Ordinary citizens in both the USA and the UK seem refreshingly skeptical about the rightness of "punishing" Syria militarily. Meanwhile, no official seems to claim that the kinds of attacks that seem to be contemplated (apparently dictated almost solely by a sort of doctrine of convenience) would do anything more than make the point that using chemical weapons against civilians isn't to be tolerated.

That the world shouldn't tolerate this kind of crime is absolutely right. But cruise missiles can only do two things: destroy targets (from which Syria would soon recover, and which any criminal regime could simply count as a cost of doing business), and kill people. Why do our politicians believe that blowing things up and killing people are objectively sensible responses to awful crimes? Here's Ian Hurd in the New York Times, "Bomb Syria, Even If It Is Illegal" and Eric Posner in Slate, "The U.S. has no legal basis for its action in Syria, but that won't stop us from going in anyhow."

And then this: "Christians in the Middle East unanimously oppose potential raid on Syria." Jim Wallis adds, "... a moral compass must guide our moral outrage."

On BBC's Global News podcast of August 28 (a.m. edition), available at this site for 30 days, Bernice King is interviewed about her father's "I have a dream" speech on its 50th anniversary. The interview begins at 13:43. Bernice King mentions that the speech's global reach actually dawned on her during a visit to Moscow. But my favorite exchange in the podcast is this:
Julian Keane: When I or anyone listens to that speech I hear the civil rights leader. When you do, you're listening to your father. Are you listening to your father, or are you also hearing the civil rights leader?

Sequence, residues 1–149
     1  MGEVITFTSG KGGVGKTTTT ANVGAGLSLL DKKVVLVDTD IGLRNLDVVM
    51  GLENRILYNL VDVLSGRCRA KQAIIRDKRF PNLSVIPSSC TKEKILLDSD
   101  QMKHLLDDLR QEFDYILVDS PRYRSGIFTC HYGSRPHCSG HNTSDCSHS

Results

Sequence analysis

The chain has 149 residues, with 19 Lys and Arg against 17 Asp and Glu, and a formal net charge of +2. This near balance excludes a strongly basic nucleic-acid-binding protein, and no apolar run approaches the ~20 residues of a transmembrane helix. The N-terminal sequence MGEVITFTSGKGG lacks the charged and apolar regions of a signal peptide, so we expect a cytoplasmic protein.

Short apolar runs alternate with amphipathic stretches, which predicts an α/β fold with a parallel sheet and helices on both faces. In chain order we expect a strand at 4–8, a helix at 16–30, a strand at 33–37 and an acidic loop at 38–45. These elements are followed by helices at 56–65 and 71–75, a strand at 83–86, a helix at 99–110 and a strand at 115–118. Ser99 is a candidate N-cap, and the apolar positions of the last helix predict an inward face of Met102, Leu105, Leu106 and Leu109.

Bernice King: Well, for me, I'm hearing a prophet. A lot of people don't talk that way consistently, and ... the resonance the tones, the ability to paint pictures, to connect our Constitution to people's real experiences, to connect it to biblical themes, I mean he was just brilliant! And so, he is my father, but I don't hear Daddy. 
I agree, people don't talk consistently about the prophetic dimension of Martin King's speech. It's safer to keep him on a secular/political level, to avoid the implication that something bigger was going on than a speech, however eloquent and timely, something having to do with God's justice and the heavy cost of avoiding its demands. As destroyers head toward the eastern Mediterranean with cruise missiles, another King speech ought to haunt us again with its prophetic message:
... Don't let anyone make you think God chose America as his divine messianic force to be a sort of policeman of the whole world. God has a way of standing before the nations with judgment and it seems that I can hear God saying to America, "You're too arrogant. If you don't change your ways, I will rise up and break the backbone of your power, and I will place it in the hands of a nation that doesn't even know my name. Be still and know that I am God."
Nancy Thomas on "Dysfunctional families in mission."

Marc H. Ellis, "Will we survive the revival of religiosity?"

Wess Daniels, "Suicide and The Things We Carry."

E-mail's vulnerability leads Pamela Jones to shut down her Groklaw blog.

Yesterday I made my first visit to Cafe Blues near the Kantemirovskaya metro station in Moscow for their weekly "Best Blues Jam." (Previously I've enjoyed these sessions through bassist Sergei Spitsyn's Youtube channel.) It never fails to amaze me how far and wide this most American of genres has spread ... and how musicians from all over the world have made this music their own. Here's a wonderful example, Australia's Fiona Boyes, in a delightfully raw sample of Chicago blues recorded in Switzerland! ...

Fiona Boyes Trio..."Smoke Stack Lightning" from Franco Limido on Vimeo.

No comments: